To demonstrate the usefulness of this new scientific tool, at the end of the project the developed chip-sized microscope will be used to observe in real-time...

Im Focus: Giant Magnetic Fields in the Universe

Astronomers from Bonn and Tautenburg in Thuringia (Germany) used the 100-m radio telescope at Effelsberg to observe several galaxy clusters. At the edges of these large accumulations of dark matter, stellar systems (galaxies), hot gas, and charged particles, they found magnetic fields that are exceptionally ordered over distances of many million light years. This makes them the most extended magnetic fields in the universe known so far.

The results will be published on March 22 in the journal „Astronomy & Astrophysics“.

Galaxy clusters are the largest gravitationally bound structures in the universe. With a typical extent of about 10 million light years, i.e. 100 times the...

Im Focus: Tracing down linear ubiquitination

Researchers at the Goethe University Frankfurt, together with partners from the University of Tübingen in Germany and Queen Mary University as well as Francis Crick Institute from London (UK) have developed a novel technology to decipher the secret ubiquitin code.

Ubiquitin is a small protein that can be linked to other cellular proteins, thereby controlling and modulating their functions. The attachment occurs in many...

Im Focus: Perovskite edges can be tuned for optoelectronic performance

Layered 2D material improves efficiency for solar cells and LEDs

In the eternal search for next generation high-efficiency solar cells and LEDs, scientists at Los Alamos National Laboratory and their partners are creating...

Im Focus: Polymer-coated silicon nanosheets as alternative to graphene: A perfect team for nanoelectronics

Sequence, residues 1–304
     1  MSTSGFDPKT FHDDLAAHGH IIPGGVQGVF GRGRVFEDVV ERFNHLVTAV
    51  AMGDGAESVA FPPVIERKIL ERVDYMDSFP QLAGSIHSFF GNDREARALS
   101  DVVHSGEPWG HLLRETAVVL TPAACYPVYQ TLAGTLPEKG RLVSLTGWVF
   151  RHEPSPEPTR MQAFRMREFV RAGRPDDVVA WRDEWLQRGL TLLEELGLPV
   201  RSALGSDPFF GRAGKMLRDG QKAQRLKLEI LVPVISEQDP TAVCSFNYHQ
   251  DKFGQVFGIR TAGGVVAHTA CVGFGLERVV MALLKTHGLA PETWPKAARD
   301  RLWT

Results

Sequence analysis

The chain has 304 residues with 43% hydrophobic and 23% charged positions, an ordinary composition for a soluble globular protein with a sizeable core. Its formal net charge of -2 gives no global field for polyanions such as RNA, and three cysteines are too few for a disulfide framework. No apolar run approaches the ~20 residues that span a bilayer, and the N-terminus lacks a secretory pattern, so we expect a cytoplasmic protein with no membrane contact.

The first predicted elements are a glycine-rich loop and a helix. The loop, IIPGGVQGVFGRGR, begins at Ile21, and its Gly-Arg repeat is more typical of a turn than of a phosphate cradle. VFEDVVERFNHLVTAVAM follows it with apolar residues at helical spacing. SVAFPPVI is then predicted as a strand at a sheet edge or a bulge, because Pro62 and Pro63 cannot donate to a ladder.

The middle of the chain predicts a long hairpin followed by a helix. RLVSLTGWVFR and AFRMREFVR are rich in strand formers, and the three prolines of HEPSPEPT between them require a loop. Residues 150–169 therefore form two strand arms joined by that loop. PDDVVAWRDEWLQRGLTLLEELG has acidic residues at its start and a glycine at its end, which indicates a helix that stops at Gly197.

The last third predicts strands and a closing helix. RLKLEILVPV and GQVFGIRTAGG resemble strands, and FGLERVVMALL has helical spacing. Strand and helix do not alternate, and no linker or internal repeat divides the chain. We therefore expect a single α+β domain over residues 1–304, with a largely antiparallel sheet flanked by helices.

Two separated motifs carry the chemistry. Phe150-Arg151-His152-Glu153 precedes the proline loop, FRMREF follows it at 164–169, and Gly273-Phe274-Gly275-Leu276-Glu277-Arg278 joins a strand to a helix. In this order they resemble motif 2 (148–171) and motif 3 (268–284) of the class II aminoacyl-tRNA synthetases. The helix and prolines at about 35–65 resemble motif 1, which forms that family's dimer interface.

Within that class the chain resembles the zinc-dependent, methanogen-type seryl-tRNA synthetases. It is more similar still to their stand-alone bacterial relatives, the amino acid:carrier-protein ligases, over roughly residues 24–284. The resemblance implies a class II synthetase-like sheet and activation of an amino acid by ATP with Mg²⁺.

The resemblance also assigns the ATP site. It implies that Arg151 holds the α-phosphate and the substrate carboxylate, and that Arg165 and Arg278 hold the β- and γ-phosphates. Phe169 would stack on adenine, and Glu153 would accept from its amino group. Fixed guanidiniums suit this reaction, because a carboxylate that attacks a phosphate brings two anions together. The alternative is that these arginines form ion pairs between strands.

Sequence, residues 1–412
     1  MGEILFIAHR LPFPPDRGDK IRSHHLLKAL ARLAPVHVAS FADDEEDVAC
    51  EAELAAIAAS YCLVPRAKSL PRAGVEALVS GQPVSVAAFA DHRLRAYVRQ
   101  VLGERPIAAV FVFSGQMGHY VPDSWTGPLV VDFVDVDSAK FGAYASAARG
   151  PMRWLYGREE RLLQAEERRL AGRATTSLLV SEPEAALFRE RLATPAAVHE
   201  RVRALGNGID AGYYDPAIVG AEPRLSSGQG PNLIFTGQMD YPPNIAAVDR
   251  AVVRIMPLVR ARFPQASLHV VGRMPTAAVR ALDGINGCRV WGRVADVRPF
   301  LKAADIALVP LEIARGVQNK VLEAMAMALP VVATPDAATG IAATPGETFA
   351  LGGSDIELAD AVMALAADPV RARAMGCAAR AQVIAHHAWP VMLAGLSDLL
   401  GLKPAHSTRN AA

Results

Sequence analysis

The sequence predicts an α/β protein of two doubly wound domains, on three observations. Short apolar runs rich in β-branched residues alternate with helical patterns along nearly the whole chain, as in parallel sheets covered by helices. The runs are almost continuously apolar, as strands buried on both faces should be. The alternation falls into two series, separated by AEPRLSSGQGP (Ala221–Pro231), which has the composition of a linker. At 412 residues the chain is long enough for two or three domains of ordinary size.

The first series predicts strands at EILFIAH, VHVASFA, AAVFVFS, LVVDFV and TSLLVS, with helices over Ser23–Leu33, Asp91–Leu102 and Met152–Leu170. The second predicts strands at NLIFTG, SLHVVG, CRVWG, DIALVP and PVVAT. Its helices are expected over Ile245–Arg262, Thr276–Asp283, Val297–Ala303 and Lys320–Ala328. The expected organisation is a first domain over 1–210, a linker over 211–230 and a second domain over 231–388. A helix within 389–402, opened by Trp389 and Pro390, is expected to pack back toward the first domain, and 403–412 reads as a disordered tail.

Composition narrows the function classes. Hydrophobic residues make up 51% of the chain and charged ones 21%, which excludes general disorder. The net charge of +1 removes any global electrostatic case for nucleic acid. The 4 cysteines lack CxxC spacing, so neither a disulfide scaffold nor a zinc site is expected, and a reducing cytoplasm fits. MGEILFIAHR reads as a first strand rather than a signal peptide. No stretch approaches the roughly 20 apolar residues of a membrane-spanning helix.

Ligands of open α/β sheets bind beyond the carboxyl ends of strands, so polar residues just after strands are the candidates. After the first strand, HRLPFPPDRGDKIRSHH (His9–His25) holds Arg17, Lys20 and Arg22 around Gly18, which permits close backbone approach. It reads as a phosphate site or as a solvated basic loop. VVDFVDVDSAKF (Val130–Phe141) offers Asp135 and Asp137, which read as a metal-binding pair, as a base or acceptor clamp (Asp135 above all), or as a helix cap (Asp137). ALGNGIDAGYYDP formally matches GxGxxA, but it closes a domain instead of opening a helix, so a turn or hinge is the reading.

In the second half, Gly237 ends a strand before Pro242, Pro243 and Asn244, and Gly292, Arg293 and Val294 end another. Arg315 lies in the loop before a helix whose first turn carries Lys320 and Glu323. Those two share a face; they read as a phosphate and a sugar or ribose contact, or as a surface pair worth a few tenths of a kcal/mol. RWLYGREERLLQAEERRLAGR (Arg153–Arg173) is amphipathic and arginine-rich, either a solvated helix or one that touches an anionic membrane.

Silicon nanosheets are thin, two-dimensional layers with exceptional optoelectronic properties very similar to those of graphene. Albeit, the nanosheets are less stable. Now researchers at the Technical University of Munich (TUM) have, for the first time ever, produced a composite material combining silicon nanosheets and a polymer that is both UV-resistant and easy to process. This brings the scientists a significant step closer to industrial applications like flexible displays and photosensors.

Silicon nanosheets are thin, two-dimensional layers with exceptional optoelectronic properties very similar to those of graphene. Albeit, the nanosheets are...

All Focus news of the innovation-report >>>

Anzeige

Anzeige

Event News

International Land Use Symposium ILUS 2017: Call for Abstracts and Registration open

20.03.2017 | Event News

CONNECT 2017: International congress on connective tissue

14.03.2017 | Event News

ICTM Conference: Turbine Construction between Big Data and Additive Manufacturing

07.03.2017 | Event News

 
Latest News

'On-off switch' brings researchers a step closer to potential HIV vaccine

30.03.2017 | Health and Medicine

Penn studies find promise for innovations in liquid biopsies

30.03.2017 | Health and Medicine

An LED-based device for imaging radiation induced skin damage

30.03.2017 | Medical Engineering

VideoLinks
B2B-VideoLinks
More VideoLinks >>>